Here’s the latest from the FT’s Lex on the decision by KNOC to launch a hostile bid for Dana Petroleum:
Korea National Oil Corporation must want North Sea oil badly. Why else go hostile in its £18-a-share approach for Dana Petroleum, which values the UK-listed exploration and production group at nearly £1.9bn? The astonishing agression from the Asian state entity, which has seen similar deals slip away before because it was too timid in its approaches, has raised the stakes all around.
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Small wonder there’s a mini M&A boom at the moment – just at look at the cost of borrowing for big, stable companies like BHP Billiton.
Citigroup reckons the $45bn credit facility put in place by the miner to finance its hostile offer for PotashCorp is likely to be just 3-4 per cent.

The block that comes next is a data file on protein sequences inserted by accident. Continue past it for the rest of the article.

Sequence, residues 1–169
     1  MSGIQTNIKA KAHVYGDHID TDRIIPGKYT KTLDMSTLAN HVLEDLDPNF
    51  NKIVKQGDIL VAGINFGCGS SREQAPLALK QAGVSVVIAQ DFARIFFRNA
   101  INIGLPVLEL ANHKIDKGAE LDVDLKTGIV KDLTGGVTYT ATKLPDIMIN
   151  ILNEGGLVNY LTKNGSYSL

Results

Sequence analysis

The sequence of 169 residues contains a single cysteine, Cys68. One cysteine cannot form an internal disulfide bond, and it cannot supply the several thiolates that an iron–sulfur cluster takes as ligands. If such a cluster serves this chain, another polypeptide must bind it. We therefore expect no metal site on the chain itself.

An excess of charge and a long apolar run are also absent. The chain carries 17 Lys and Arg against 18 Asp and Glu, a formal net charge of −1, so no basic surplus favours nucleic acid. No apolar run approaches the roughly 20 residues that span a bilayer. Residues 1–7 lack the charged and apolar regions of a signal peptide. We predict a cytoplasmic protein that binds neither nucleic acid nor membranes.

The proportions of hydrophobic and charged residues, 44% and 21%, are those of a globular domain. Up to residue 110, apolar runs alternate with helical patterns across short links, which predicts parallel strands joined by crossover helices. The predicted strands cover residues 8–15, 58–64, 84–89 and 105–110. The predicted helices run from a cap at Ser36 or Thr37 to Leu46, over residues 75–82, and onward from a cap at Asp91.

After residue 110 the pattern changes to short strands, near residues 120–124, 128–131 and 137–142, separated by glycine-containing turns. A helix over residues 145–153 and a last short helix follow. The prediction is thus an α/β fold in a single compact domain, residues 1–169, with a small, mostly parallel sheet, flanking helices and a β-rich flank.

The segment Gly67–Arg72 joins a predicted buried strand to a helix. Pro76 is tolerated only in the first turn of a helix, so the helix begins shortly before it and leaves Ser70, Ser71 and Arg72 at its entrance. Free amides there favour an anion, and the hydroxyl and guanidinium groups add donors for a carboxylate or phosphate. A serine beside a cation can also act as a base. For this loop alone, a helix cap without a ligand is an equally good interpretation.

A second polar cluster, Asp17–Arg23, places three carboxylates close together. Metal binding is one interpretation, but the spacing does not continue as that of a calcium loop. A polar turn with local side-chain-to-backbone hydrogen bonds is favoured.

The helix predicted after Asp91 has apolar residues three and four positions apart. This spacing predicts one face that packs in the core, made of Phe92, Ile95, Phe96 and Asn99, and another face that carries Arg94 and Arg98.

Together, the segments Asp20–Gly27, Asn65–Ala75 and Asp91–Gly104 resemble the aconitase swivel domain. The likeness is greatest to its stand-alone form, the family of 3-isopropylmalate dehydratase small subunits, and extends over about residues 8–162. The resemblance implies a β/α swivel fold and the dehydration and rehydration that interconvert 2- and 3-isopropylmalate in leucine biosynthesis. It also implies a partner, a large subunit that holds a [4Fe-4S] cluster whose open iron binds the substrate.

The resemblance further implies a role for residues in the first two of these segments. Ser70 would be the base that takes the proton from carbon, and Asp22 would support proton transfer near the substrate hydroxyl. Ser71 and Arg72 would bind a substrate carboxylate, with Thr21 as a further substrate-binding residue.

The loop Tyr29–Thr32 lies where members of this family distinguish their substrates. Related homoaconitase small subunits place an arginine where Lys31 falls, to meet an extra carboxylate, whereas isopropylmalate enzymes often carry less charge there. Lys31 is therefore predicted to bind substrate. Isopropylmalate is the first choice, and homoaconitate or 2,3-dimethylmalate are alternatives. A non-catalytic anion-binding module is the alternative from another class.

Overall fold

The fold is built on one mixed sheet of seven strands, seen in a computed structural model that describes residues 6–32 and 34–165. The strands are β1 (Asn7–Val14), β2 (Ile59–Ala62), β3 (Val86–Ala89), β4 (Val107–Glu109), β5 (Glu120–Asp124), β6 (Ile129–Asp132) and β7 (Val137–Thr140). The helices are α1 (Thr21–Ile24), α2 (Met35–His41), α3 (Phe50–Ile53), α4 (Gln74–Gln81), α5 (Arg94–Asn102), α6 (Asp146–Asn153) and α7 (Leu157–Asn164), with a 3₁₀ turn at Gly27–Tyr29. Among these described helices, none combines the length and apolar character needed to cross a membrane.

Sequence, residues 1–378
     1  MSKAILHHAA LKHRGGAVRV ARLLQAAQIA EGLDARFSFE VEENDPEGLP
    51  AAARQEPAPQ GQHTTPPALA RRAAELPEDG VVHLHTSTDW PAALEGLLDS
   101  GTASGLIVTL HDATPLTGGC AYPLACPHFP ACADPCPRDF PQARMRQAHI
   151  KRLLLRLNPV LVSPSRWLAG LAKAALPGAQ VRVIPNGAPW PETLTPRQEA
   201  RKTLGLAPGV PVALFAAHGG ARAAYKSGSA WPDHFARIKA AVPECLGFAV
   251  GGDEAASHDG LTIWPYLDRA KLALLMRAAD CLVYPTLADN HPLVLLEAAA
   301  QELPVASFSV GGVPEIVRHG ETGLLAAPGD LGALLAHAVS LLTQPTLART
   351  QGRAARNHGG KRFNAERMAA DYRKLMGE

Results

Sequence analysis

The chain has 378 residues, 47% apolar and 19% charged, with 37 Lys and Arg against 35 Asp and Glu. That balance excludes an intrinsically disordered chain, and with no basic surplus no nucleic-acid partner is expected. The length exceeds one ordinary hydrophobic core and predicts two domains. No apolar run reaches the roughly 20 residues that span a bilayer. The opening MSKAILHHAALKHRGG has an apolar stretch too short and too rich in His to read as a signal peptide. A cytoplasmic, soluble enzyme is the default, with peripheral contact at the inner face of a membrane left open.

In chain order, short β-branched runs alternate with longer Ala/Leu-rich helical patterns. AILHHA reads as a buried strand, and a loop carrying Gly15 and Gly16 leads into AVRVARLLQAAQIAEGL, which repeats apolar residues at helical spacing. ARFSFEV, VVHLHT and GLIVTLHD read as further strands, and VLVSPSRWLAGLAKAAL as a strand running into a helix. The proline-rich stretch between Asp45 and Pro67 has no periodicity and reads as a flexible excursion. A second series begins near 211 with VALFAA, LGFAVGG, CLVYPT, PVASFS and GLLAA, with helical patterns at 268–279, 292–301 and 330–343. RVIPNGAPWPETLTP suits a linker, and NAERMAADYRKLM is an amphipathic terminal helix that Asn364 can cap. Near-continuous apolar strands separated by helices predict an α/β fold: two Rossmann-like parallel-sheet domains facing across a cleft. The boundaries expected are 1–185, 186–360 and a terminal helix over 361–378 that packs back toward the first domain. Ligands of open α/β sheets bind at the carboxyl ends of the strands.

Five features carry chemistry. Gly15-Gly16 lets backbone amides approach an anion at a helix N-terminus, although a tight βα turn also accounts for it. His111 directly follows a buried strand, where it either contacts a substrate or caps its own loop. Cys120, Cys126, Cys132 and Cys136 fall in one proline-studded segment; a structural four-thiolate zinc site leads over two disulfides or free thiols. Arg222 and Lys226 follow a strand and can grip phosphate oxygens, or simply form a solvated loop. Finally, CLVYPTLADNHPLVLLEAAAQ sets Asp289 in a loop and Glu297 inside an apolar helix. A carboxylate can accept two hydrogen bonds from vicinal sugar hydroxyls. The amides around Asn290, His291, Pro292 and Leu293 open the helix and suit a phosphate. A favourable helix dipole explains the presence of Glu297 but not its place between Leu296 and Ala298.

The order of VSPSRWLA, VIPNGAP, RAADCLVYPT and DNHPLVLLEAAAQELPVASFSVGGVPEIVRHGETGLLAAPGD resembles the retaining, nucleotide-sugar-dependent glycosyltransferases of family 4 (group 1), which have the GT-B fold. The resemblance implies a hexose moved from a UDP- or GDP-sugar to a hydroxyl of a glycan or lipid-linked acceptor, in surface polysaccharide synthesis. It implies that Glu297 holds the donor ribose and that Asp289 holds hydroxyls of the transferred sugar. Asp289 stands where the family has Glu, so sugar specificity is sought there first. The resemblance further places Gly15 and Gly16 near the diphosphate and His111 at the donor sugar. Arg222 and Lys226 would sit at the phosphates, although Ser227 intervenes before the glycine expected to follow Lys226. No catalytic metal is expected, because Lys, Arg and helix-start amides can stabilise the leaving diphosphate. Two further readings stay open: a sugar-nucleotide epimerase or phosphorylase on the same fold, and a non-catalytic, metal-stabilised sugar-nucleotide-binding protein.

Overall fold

Key conclusion is that funding cost at current rates will initially be <2% (3 month LIBOR ~33bps, 1 year ~91bps), but this is likely to increase to 3-4% as the US$25b “bridge” loan is termed out to 5 to 10 year fixed rate via the corporate bonds.
We were assuming a cost of funding for the deal of closer to 5%, which would have created an annual interest bill of around $2.1bn; we estimate the above facilities could drop the cost of funding by at least $1bn in the short term.
Obviously, the 3-4 per cent figure needs to be put in the context of sub-3 per cent 10-year US government bond yields and the Fed’s near zero interest rate.
Elsewhere this Monday:
- Can we solve two problems at once – unemployment and preparing for power down?
- Analysts warn of threat to oil price stability
- Peak oil alarm revealed by secret official talks
- What did we learn from the Gulf oil spill?